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Jan 29, 2014 3:41pm

You have probably seen the billboards, the blogger posts, the banner ads, the news spots, and maybe even the TV commercials (apparently people still watch TV?). Even a faux demonstration of grammarians protesting the gross...


Jan 08, 2014 2:19pm
“Open Letter to Oppenheimer,” by Peter Mengert
“Open Letter to Oppenheimer,” by Peter Mengert
“Black Velvet BOOM,” by Lisa Dittrich
“Black Velvet BOOM,” by Lisa Dittrich
“We’re No Dummies,” by Mike Korn
“We’re No Dummies,” by Mike Korn
“NeutronBombshell,” by Joel Spencer
“NeutronBombshell,” by Joel Spencer

1. “Black Velvet BOOM,” by Lisa Dittrich

Paint on black velvet is our culture’s ultimate kitschifier — look what it did to that other mid-century earth-shaker, Elvis — so there’s a deepish comedy in painting an almost joyously colorful mushroom cloud on that lush, black material. Dittrich turns the ultimate symbol of doom into something you might find at a flea market. Just as we’ve come to regard the doomsday weapon as a cute artifact of another time.

2. “We’re No Dummies,” by Mike Korn

The photos of mannequins in domestic poses recall the dummies set up in fake houses on the Nevada Test Site during nuclear explosions. Ringed around them is a quote from Gandhi: “As human beings, our greatness lies not so much in being able to remake the world — that’s the myth of the Atomic Age — as in being able to remake ourselves.” So where do we fall between Gandhi’s optimism and the passive acceptance of the dummies?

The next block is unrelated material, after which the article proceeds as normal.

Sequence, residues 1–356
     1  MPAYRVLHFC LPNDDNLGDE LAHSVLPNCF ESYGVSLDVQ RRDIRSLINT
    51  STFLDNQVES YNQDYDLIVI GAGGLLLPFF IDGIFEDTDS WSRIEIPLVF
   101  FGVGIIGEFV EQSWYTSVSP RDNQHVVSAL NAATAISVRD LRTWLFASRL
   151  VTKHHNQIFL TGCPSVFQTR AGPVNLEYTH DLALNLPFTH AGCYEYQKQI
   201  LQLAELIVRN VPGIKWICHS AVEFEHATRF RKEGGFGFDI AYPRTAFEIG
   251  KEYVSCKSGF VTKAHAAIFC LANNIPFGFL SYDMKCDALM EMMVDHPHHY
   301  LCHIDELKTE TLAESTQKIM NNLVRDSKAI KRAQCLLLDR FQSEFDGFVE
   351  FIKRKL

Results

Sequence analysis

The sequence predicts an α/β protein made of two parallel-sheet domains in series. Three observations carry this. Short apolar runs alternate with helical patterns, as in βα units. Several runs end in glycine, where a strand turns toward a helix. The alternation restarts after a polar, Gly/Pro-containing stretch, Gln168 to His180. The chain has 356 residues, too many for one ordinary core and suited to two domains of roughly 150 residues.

3. “Open Letter to Oppenheimer,” by Peter Mengert

Oppenheimer, of course, is J. Robert, chief architect of the atomic bomb, who famously recalled the words of the Bhagavad Gita: “Now, I am become Death, the destroyer of worlds.” To Mengert, that sounded less apoclyptic than circle-of-life: What follows destruction but new growth? Thus inspired, he created this luminous image of a mushroom cloud phasing into a jellyfish — into diaphanous, resilient, glowing life.

4. “Neutron Bombshell,” by Joel Spencer

Backlit through a fine mesh that gives this piece a subtle pointillist feel, Spencer’s dreamboat relaxes in the warm glow of a nuclear blast. The image slyly recalls the era of bomb-watching as kicky fun, back when the mushroom cloud was a symbol of America’s technological supremacy. For her, the future’s so bright, she’s gotta wear shades. Never mind the bomb’s negative effects, symbolized by the X-ray effect it’s having on her body.

ATOMIC VEGAS at Blackbird Studios, 1551 S. Commerce St., 782-0319

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